Ford has filed a patent application with the United States Patent and Trademark Office (USPTO) for what the automaker calls a "brain machine interface" that can anticipate steering, accelerator, and brake inputs.

First spotted by Motor1, the application describes a way to monitor brainwave activity to predict when a driver is planning to make a control input. It would look for brainwaves that indicate a muscle movement is imminent, allowing the system to predict that, for example, the driver is planning to turn the steering wheel.

This information would then be fed into a car's driver-assist systems, which would then make adjustments accordingly. From what we can tell, the car wouldn't take over driving; it would just compliment what the human driver is already doing.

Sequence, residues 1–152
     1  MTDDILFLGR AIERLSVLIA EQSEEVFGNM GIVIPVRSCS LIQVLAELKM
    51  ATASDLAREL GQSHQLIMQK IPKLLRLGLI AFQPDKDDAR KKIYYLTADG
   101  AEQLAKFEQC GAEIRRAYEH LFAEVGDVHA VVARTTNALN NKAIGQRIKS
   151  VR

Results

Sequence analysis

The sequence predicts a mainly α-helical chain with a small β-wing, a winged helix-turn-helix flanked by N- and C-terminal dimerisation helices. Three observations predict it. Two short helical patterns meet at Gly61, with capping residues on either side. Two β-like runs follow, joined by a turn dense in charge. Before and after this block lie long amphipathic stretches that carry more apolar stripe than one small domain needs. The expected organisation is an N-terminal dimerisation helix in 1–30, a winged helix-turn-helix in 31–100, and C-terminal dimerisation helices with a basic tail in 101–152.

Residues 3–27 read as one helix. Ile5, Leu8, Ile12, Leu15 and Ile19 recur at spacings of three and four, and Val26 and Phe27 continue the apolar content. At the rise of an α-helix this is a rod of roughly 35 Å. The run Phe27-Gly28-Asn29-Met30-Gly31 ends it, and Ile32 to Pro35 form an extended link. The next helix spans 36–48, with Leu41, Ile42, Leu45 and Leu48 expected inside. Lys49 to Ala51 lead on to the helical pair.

Ford brain machine interface patent image

Ford brain machine interface patent image

The brain machine interface would connect to the sensors and vehicle control units most new cars already use for their driver aids. The application also describes a sensor-laden cap that drivers would wear to monitor brain activity. That seems a bit impractical.

Granted, it's unclear if technology like this will ever be available in a production car. Automakers often patent ideas they have no concrete plans to use as a way to protect intellectual property. Ford has been busy with patent applications lately. It also recently filed applications for a trisected pickup truck tailgate and an electric clutch for manual-transmission cars.

Perhaps a brain machine interface could help enhance driver-assist systems like Ford's Blue Cruise, helping to bring the tech's responses more in line with what the driver is expecting.